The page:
Welcome to the newly designed Rosslyn Templar web site. The original site went online in 2002 using free templates and software. There is no doubt that the original site was showing its age. As we have now long since had one million visitors it was decided that it was time to ‘freshen-up’ the site. We hope that you like the end result.
The down side is that whilst the site has undergone a complete redesign little new material has been added partly because of thetime it took to transfer the material on the old site to the new one. No doubt there will be some teething problems over the next couple of months but as well as that it is our intention to add the material we would normally have been adding to the old site. All this will take a wee while so please be patient – remember that this site is run, maintained and paid for by a very small number of volunteers.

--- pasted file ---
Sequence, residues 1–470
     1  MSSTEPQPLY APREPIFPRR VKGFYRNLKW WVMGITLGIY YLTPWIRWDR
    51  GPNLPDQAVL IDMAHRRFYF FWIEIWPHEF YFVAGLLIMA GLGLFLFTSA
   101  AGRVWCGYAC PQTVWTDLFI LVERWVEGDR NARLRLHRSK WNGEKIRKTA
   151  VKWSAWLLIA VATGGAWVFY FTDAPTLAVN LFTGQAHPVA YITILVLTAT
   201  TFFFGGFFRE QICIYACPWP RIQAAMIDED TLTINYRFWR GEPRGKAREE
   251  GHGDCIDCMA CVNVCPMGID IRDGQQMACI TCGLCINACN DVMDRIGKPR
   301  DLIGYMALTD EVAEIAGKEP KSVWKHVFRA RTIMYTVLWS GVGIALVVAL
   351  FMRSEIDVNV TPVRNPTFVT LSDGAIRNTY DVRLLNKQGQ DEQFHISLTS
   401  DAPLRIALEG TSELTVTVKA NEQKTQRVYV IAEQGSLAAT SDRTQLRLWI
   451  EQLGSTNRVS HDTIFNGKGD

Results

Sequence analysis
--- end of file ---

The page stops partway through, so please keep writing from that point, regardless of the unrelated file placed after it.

It is perhaps important to make clear some facts about this web site, so that no one is misled or mistaken as to its purpose and function. The Rosslyn Templars is a small group of Scottish Freemasons dedicated to researching Rosslyn Chapel. The group is self-funding and is entirely independent of any other group whatsoever. Therefore, although all members are Freemasons they do not act for, or represent any other group of Freemasons. Nor do they have any connection with any particular branch of Freemasonry such as the Scottish Masonic Knights Templar whose governing body is the Great Priory of Scotland. This decision was made in order to maintain a strict independence from any other Masonic organisation.